Stories about Myanmar (Burma)
"It is absurd that security forces are using outdated laws to silence and punish journalists who have committed no crime," wrote the editor of The Irrawaddy.
“I streamed it live so that my friends could watch it because my son participated in the drama. I did not intend to defame the military," the activist told reporters.
"Many people believe that the previous government, run by ex-generals, created such a legal mechanism to be able to sue those who stood against their administration."
"I made a post telling my friends [that] the word is banned. Ironically, my post was removed and I was banned from liking, posting, and sharing content for 24 hours."
Global Voices Advocacy's Netizen Report offers an international snapshot of challenges, victories, and emerging trends in Internet rights around the world.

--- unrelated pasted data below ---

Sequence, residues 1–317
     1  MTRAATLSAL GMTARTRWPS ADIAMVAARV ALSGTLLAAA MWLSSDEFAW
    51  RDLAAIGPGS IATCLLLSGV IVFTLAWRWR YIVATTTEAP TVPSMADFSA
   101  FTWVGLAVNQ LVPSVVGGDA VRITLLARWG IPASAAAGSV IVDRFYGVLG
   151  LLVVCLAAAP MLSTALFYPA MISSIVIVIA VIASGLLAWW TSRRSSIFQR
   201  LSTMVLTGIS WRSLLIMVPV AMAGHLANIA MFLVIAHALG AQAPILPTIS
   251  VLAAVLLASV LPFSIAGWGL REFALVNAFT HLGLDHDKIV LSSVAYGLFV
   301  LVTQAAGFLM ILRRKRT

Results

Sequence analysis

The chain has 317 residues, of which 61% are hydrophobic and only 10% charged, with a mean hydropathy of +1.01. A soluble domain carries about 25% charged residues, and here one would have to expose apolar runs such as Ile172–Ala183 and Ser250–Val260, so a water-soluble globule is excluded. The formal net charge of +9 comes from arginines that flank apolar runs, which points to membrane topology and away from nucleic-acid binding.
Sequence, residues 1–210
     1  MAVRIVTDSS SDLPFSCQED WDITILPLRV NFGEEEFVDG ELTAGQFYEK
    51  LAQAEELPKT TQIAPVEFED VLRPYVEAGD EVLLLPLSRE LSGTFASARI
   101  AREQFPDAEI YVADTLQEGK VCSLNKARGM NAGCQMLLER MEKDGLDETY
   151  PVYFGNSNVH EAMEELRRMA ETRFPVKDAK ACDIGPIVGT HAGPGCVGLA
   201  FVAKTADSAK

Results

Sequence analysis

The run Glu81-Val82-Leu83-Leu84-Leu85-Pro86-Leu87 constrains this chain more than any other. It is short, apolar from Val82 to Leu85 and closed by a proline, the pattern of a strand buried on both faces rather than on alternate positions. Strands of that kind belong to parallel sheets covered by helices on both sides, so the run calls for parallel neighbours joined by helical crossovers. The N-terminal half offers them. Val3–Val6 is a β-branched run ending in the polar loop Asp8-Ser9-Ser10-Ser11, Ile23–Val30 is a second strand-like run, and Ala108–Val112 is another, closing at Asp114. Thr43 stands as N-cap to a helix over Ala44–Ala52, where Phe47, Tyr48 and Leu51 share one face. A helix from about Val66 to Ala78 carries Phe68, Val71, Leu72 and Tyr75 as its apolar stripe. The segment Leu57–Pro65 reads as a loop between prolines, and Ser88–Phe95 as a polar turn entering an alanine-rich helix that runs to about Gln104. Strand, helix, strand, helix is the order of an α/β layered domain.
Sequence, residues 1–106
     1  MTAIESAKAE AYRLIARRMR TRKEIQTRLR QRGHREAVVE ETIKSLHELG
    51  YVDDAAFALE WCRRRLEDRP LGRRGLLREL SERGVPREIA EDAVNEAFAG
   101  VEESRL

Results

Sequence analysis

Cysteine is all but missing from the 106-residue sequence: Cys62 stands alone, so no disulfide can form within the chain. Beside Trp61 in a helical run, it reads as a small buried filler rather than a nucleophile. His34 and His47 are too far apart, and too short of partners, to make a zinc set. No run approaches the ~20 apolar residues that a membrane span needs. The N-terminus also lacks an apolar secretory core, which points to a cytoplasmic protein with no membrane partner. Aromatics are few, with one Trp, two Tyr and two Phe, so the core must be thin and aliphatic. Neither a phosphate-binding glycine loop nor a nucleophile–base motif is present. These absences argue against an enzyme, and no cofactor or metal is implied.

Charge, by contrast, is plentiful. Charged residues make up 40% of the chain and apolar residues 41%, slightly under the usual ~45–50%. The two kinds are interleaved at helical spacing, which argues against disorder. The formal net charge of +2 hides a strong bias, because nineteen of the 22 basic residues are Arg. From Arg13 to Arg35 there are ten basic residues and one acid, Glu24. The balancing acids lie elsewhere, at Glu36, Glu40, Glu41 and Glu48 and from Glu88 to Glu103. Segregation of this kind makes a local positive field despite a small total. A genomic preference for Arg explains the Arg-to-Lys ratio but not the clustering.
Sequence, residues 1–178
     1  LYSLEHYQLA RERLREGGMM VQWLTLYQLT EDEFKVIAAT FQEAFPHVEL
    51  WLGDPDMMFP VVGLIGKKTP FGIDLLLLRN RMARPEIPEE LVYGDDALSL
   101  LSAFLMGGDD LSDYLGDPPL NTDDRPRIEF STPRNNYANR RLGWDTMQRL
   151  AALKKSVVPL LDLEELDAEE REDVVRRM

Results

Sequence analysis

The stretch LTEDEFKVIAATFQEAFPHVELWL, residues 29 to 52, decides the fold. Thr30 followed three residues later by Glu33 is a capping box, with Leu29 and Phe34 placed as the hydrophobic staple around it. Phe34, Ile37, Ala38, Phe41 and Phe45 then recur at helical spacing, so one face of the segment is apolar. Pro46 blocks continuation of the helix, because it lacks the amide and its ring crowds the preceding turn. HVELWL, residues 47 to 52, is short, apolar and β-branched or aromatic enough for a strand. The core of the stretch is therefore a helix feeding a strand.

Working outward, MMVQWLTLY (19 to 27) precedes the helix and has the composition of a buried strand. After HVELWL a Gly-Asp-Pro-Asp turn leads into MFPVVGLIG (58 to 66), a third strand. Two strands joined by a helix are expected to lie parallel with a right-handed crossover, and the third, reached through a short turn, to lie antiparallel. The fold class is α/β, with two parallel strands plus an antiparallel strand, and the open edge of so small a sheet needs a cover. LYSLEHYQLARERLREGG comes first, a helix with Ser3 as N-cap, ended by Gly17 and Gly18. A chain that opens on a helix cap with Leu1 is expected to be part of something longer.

"It is not appropriate that a citizen who criticises someone more powerful should face legal action of this kind."
Activists have launched a page on Facebook dedicated to addressing the rising number of hate-speech cases in Myanmar. Meet the “No-Hate Speech Project.”
More than a thousand people gathered in Myanmar's capital to call for an investigation into the death of a journalist who supporters allege was tortured and killed by the army.
More and more governments in Southeast Asia are becoming aggressive in their efforts to block Facebook, especially during crisis moments. Netizens should respond by remaining vigilant.
Myanmar newspapers blacked-out their front pages to protest the jailing of journalists. Last week, journalist Zaw Pe was sentenced to one year in prison for "disrupting the work of a...